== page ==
Jack Goes Swimming

Jack Goes Swimming

The other day John was in karate class and in the middle of a kick (I believe it’s called a heel-kata-flip-chart-bingo-bango, but this isn’t a martial arts blog), when his feet went out from under him and he fell right on his butt.

He wasn’t hurt, but looked around to see if anyone else saw, then got up quickly. I could feel my heart squeeze, worried he’d feel stupid. I think I can take anything with my kids except them feeling stupid. The thought of either of my kids being embarrassed or isolated breaks my heart. I’m sure I will (and have) made terrible parenting decisions, because I don’t want John or Tess to be embarrassed, which is why I want to talk about my brother Gord’s parenting instead.

The best embarrassed kid story I know is brought to you by my brother Gord and his son Jack.

Gord had signed Jack up for swimming lessons, because every parent lives for an activity that makes their kid cry days in advance.

And so on this Saturday morning, Gord was sitting on a bench at the side of the pool after a silent drive to lessons, his stomach in a ball watching his son sitting on the other side of the pool deck with the other kids. I’m going to say Jack would have been about six years old, not that I have any clue. It doesn’t really matter. What matters is he was young enough to be a weak swimmer, but old enough to be aware of what other kids thought of his skills.

All the other kids were talking to each other, while Jack sat there silently. The teacher walked up, jumped in to water at her waist – and said, “Okay, everyone jump in.” And everyone did. Jack took a moment, but he jumped in. Phew, Gord thought.

Then she said, “Okay, everyone put your face in the water.”

Everyone did it. Except Jack. He just kind of nodded at the water as if bowing to imaginary royalty, then splashed his face. The teacher didn’t notice.

Then she said, “Great work everyone. Now, let’s push off the side and float on our tummies as far out as we can go.”

The first kid pushed off, floated for a bit, then he came up for air, sputtering and spitting, a wet success.

Jack happened to be at the end of the line, each kid pushing off confidently. Gord could feel the tension as each kid pushed off. Jack watched a couple and then it seemed he couldn’t take it – he stared straight ahead. Waiting for the guillotine to fall. Gord watched to see if the tears coming, but with the pool water, it was hard to tell.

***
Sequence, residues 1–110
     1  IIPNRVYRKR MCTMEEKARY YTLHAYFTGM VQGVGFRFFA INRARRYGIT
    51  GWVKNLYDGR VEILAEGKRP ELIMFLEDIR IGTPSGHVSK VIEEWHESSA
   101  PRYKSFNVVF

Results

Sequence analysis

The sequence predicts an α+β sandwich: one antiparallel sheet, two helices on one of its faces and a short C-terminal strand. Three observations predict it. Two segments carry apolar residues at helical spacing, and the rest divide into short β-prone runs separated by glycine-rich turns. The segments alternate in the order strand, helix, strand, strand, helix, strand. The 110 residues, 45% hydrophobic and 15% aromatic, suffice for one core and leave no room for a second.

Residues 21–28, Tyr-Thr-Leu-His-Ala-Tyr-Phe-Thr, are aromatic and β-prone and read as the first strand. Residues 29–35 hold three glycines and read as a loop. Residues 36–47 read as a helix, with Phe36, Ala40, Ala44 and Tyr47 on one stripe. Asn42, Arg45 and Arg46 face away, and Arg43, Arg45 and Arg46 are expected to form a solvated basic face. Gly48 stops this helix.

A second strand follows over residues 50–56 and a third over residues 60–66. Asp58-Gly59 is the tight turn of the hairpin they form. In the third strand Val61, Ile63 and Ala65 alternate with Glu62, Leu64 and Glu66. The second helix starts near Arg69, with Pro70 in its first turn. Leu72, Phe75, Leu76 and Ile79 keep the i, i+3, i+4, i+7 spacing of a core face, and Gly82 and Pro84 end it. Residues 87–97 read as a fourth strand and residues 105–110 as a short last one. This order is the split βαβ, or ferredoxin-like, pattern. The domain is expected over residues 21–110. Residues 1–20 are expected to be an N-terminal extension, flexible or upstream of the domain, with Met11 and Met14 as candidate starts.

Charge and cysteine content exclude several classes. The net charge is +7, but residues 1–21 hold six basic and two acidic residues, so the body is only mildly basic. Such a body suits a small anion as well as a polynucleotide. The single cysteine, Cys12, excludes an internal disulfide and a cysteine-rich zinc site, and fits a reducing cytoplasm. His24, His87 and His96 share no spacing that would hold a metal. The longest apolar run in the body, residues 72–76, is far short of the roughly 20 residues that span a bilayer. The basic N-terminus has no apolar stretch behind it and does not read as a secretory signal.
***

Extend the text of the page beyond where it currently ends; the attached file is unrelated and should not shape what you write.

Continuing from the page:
Then Jack turned away from the group, staring intently past his shoulder, not even watching the last kid lie down on the water and push off with their feet toward the teacher surrounded by the successful, confident kids.

Then the moment came. Jack’s turn.

Gord could feel the knot in his stomach twist. “Come on Jack, you can do it…,” he whispered.

“Your turn Jack,” said the teacher.

Jack didn’t move, still looking away.

“Jack?!” she called, “Here we go!” All the kids were now looking at Jack, the only one who couldn’t put his face in the water.

He slowly turned and looked at her, his eyes wide. He stood silently for a moment, then in what looked like panic, he started doing that pool walk – kind of pushing, striding through the water towards Gord.

Gord could see the teacher and all the other kids staring at Jack, he could feel his own face flush for his son. In the eternity it took for Jack to get to him, he thought, “Maybe I should just get up and walk out… leave him to figure it out.” And then he felt a rush of shame. “What kind of Dad would just abandon his son? He’s scared. He’s scared for his life. He’s scared to be embarassed. He’s scared to look stupid. He’s lost… He’s lost and he needs me…”

“Daddy?” Jack said, as he got to the edge of the pool. He sounded on the verge of losing it.

“Yes Jack, what’s going on?”

“Daddy, I was wondering something…”

Gord looked at Jack’s face. His son, who needed him right now, who needed strength, guidance, and help to get through this life moment he was in.

“I was wondering…”

“Yes, what is it?”

“Umm… in Harry Potter, do you think Snape is actually on Voldemort’s side? I think he might be. Do you?”

Gord looked at his son. Stared at him.

“Jack”

“Yes.”

“Do you think you could go push off the side and we can talk about Harry Potter after the lesson?”

“Oh, yeah. Okay.”

And he went back and pushed off the side.

So you see? Even if I’m afraid of my kids being embarrassed, I can always remember, chances are I haven’t a clue.


Dave,